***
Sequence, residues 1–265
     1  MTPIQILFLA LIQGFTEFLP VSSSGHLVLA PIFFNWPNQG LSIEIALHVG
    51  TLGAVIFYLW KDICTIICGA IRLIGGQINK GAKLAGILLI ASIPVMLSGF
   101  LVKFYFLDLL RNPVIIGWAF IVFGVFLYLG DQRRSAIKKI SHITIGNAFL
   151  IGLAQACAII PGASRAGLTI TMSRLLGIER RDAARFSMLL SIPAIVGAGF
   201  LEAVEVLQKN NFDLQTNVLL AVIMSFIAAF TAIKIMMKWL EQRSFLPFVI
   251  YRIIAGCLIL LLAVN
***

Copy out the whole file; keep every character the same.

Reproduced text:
Sequence, residues 1–265
     1  MTPIQILFLA LIQGFTEFLP VSSSGHLVLA PIFFNWPNQG LSIEIALHVG
    51  TLGAVIFYLW KDICTIICGA IRLIGGQINK GAKLAGILLI ASIPVMLSGF
   101  LVKFYFLDLL RNPVIIGWAF IVFGVFLYLG DQRRSAIKKI SHITIGNAFL
   151  IGLAQACAII PGASRAGLTI TMSRLLGIER RDAARFSMLL SIPAIVGAGF
   201  LEAVEVLQKN NFDLQTNVLL AVIMSFIAAF TAIKIMMKWL EQRSFLPFVI
   251  YRIIAGCLIL LLAVN